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Old 08-26-2014, 11:06 PM   #24
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Andy, "talen5's" photos appear to be of a 2013 model Airstream; and the axle and undercarriage look clean and almost new. From your observation and comment, is it possible for the axle to be worn out so soon?
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Old 08-27-2014, 01:28 AM   #25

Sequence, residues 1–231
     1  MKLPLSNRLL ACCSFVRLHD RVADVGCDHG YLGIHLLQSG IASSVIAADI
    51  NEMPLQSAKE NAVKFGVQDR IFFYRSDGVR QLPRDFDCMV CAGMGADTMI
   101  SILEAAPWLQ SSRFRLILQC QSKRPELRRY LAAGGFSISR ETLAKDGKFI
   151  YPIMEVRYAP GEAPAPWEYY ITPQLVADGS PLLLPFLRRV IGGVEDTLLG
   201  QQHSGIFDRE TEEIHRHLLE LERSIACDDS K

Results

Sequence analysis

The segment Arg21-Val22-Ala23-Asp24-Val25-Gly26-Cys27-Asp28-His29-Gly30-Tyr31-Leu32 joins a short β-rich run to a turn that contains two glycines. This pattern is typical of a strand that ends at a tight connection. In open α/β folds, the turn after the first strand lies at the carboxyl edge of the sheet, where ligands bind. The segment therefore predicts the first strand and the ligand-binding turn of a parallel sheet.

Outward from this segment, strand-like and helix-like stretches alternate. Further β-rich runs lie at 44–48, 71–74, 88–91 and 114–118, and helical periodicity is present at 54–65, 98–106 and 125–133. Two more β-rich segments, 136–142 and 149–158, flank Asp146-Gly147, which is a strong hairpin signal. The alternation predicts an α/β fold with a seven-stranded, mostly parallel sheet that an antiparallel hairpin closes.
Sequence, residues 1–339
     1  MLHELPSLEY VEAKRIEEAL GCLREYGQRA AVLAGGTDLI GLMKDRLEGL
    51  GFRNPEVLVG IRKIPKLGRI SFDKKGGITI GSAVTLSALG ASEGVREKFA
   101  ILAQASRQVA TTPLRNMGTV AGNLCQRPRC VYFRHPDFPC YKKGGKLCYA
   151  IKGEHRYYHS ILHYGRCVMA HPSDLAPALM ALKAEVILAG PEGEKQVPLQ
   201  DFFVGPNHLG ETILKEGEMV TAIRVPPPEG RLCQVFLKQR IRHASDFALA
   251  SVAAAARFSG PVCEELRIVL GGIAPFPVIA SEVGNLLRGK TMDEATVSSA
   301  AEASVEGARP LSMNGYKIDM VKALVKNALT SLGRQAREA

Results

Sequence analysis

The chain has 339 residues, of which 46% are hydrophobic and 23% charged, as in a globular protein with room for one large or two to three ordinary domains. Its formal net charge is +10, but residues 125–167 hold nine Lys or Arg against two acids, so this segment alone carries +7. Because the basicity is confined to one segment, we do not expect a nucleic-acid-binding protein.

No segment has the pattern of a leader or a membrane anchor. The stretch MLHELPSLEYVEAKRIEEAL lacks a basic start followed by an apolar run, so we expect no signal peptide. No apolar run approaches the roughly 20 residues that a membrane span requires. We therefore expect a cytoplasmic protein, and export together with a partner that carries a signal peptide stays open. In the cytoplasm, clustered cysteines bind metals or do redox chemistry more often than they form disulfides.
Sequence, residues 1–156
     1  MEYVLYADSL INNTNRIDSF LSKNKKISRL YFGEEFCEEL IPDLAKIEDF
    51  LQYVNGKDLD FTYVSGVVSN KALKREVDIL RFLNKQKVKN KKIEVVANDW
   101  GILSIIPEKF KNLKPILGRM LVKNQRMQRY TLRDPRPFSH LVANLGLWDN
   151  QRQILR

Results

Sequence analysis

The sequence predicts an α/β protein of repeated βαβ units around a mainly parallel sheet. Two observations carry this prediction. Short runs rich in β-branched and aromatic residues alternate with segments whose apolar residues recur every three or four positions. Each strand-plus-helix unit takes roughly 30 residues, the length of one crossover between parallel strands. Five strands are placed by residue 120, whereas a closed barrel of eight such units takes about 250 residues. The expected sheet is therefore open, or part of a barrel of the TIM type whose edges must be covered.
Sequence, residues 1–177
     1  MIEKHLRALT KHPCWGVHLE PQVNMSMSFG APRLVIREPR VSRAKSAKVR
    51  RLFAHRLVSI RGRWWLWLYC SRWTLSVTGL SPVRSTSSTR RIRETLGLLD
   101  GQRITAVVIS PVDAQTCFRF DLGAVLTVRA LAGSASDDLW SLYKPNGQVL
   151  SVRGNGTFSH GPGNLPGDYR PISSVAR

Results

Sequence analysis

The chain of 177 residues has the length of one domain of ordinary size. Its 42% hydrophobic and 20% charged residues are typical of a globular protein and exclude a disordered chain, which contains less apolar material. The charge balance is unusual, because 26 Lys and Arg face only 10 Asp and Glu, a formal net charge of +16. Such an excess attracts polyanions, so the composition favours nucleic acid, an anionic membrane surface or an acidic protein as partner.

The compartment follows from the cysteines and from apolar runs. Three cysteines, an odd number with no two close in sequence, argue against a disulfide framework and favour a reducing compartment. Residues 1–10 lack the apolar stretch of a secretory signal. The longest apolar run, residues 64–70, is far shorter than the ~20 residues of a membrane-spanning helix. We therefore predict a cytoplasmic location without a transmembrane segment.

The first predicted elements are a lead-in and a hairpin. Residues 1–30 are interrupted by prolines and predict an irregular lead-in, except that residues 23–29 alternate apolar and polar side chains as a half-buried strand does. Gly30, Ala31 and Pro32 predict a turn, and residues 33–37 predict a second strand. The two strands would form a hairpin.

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Andy's at least partly right. The arms are parallel and should be slanting downward. Check the manufacturer's tag on the axle to see what its capacity is. It might be hard to see because it could be between the axle and a holding tank. But if you have a small digital camera, set it for a close up and take a picture of the tag. Then you can read the tag without straining. Since the axle is fairly new, my guess is that the axle is underrated for the weight of your trailer, or your trailer is overloaded. In either case you should have the trailer weighed to compare it with the rating of the axle. Don't go by the manufacturing tag on the side of the Airstream. It might not match your axle. There's no other way to be certain, you've got to find the information tag on the axle to know. You lost two to three inches with arms that are parallel to the ground, made up for it with the extension kit, but still have an axle that no longer has sufficient arm travel to absorb shock. That can be really hard on the trailer, cabinets and rivets.